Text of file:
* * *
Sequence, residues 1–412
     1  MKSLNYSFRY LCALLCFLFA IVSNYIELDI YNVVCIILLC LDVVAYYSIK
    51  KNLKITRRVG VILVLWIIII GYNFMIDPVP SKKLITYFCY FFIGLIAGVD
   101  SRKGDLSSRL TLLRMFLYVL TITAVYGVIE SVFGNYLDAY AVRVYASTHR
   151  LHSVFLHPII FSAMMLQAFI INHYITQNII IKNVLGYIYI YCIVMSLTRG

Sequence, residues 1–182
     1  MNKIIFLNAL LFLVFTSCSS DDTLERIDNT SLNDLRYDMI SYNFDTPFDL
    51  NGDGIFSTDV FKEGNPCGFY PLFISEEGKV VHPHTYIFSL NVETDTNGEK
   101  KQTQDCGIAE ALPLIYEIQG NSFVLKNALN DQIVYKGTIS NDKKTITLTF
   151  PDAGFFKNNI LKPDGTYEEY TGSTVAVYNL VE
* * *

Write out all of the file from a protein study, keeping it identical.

Sequence, residues 1–412
     1  MKSLNYSFRY LCALLCFLFA IVSNYIELDI YNVVCIILLC LDVVAYYSIK
    51  KNLKITRRVG VILVLWIIII GYNFMIDPVP SKKLITYFCY FFIGLIAGVD
   101  SRKGDLSSRL TLLRMFLYVL TITAVYGVIE SVFGNYLDAY AVRVYASTHR
   151  LHSVFLHPII FSAMMLQAFI INHYITQNII IKNVLGYIYI YCIVMSLTRG

Sequence, residues 1–182
     1  MNKIIFLNAL LFLVFTSCSS DDTLERIDNT SLNDLRYDMI SYNFDTPFDL
    51  NGDGIFSTDV FKEGNPCGFY PLFISEEGKV VHPHTYIFSL NVETDTNGEK
   101  KQTQDCGIAE ALPLIYEIQG NSFVLKNALN DQIVYKGTIS NDKKTITLTF
   151  PDAGFFKNNI LKPDGTYEEY TGSTVAVYNL VE